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Rebekah Harkness Builds Her Own Theater
Mrs Harkness, being ever the ballet mogul, decided to build her very own theater, or rather, to refurbish an old one on Broadway and 65th. That’s as near to Lincoln Center as she could get and it couldn’t be in a more up-scale neighborhood. The theater it replaced, I should explain, was formerly a vaudeville house built in1905. Then a movie house and finally a television studio before its demise and total resurrection as The Harkness Theater.

Rebekah spent a whopping five million dollars on the job but rumors spread that it had cost a lot more. She had dreamed and planned on making her theater “the first and only major theater in the U.S. specifically designed for dance”, and I do remember for years seeing gigantic and expensive books on theater architecture here and there around Harkness House.

The theater’s opening was big news in New York. Some, who were fortunate enough to get a sneak peek before the official opening, claimed the theater had some weird features. The newspapers and magazines could hardly wait. In fact, everyone was anxious to have a look, expecting goodness knows what.

Rebekah’s favorite color was blue. I think she had once seen this particular shade of blue on the Maryinsky Theater curtain in Leningrad and liked it. She re-named it ‘Harkness Blue”.  At parties and balls she frequently wore a ‘Harkness Blue gown’ and even had a Harkness blue Rolls-Royce, which, regrettably, I never saw. The dishes from the canteen at Harkness House, several of which I managed to keep to this day, are Harkness blue, embossed with a dancing figure in gold. It’s a male dancer reading a book held high above his head with a branch of leaves attached to each foot. What the symbolism is I never managed to discover but the golden H H gives the clue that they belong to Harkness House. Just about everything in the theater was blue. Even the seats in the Dress Circle, salvaged from the old theater, had been painted and re-upholstered in baby blue velvet.

The small lobby of black marble (both walls and floors) and I believe six chandeliers, were all designed and imported from Spain. This was because, in addition to her love of blue and her generosity to dance and music, Rebekah had a deep affection for the art, and artists of Spain. I’ve already mentioned in Chapter 11 how she tried desperately to learn Flamenco dancing and brought over the finest teachers from Spain to teach her. She hired a Spanish artist, Enrique Senis-Oliver, to paint a mural for the theater ceiling and this became the talk of the town. Why? Because the dancers he painted up there (Harkness trainees) were all naked. They were portraied in various exotic poses, reaching onwards and upwards to the dance (actually to Rebekah herself, robed in gold as godess of the dance). Some male dancers pictured, and these were trainees I had taught, held candelabras that grew as their own genetalia, with tasteful shading. The mural did have a certain shock value but mostly everyone thought it was in extremely bad taste. Well, that was Rebekah, whose taste in art, music and choreographers may have left a lot to be desired. Senis-Oliver claimed he had spent 3,000 hours lying on his back on a scaffolding while painting this mural in the style of Michelangelo, but unlike Michelangelo, he had the luxury of a TV set and a fridge while he up there.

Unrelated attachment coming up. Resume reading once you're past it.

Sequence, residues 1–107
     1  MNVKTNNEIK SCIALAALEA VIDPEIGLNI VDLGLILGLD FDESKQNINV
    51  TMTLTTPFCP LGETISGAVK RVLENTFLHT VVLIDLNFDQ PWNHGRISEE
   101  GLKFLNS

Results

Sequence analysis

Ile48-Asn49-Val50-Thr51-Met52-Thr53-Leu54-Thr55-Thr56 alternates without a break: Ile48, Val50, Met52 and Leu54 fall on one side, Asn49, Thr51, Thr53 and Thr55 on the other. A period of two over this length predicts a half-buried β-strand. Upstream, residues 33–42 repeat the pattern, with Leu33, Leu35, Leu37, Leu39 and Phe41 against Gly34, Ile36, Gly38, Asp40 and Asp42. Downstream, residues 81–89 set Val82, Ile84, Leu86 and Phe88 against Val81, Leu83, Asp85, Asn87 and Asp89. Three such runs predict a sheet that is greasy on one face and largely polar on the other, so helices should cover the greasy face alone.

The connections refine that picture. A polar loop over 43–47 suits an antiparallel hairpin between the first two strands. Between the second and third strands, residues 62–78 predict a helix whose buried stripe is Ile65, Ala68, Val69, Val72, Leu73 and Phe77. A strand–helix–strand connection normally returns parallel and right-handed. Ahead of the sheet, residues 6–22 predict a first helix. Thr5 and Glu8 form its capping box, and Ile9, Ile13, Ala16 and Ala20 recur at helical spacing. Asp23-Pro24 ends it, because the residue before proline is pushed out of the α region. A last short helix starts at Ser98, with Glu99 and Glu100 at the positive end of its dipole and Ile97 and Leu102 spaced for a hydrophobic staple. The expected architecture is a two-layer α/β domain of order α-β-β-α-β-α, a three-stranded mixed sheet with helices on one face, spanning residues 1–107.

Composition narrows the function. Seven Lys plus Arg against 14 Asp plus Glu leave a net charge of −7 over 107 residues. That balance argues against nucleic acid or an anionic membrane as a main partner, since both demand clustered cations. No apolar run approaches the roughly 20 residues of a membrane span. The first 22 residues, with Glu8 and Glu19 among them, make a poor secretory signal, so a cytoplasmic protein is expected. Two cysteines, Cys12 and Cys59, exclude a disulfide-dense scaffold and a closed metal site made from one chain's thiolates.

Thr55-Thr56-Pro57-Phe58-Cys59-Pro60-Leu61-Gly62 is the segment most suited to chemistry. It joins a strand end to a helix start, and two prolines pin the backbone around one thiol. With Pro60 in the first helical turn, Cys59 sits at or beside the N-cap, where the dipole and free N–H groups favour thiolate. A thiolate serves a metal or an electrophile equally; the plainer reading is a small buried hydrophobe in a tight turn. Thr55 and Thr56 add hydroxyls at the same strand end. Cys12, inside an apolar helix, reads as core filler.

Opening night amounted to virtually the entire New York dance world, plus a good many dancers and choreographers from out of town, even some from Europe that Rebakah flew in at her own expense. The other half of the audience were socialites and their behavior was really awful. All through the evening free champagne was available and as soon as a ballet seemed to be coming to an end they were up and off in search of more bubbly.

Even though I was backstage, I witnessed all this when I went out front at intermissions. I couldn’t believe it when I saw people stomping out cigarettes on the beautiful, thick, soft, newly laid, and yes, blue carpets. Later I heard that some gold plated faucets were missing from the lounges, obviously unscrewed and snatched as souvenirs.

After the performance, everyone was invited across town to Harkness House for a big bash. The audience could hardly wait for the performance to finish before they made a mad dash for it so by the time the poor dancers arrived there was no food or drink left.

Photo: Rebekah Harkness in the golden gown she wears in the mural.

The Harkness Ballet Is Finished.
After opening night, the company danced for two weeks then departed on another European tour. Their splashy, over-the-top appearance in their own theater did not impress the critics at all. It wasn’t the dancing - they were all excellent dancers. It was the repertory. Critic Clive Barnes was reminded of something he said years before in London during a bad performance; he startled the woman in front of him by tapping on her shoulder saying in an intrusive whisper, “excuse me Madam, would you mind placing your hat back on? I can see”.

Rebakah was of course devastated. She had spared no expense in making her theater a beautiful home for dance in New York. For the opening night she even had yet another face lift!

After the dancers returned from the European tour the company was suddenly disbanded. They heroically tried to keep it going, even to begging on the street for contributions but it didn’t work. The theater had a few small plays booked into it but most of the time it was dark. It’s location, a bit away from the Broadway theater district, may have eliminated the potential transient trade. Then, when a musical from South Africa, “Ipi-Tomba” moved in, there were demonstrations. The Socialist Worker’s Party and the Patrice Lamumba Coalition contended the musical showed an unrealistic picture of blacks in South Africa that could be considered pro-apartheid propaganda. Was it all worth it? The theater went up for sale but no one expressed any real interest in buying it. The bear market in the 70s left  Rebekah’s  finances in a mess and there remained a nasty one million five-hundred yearly deficit. It was all over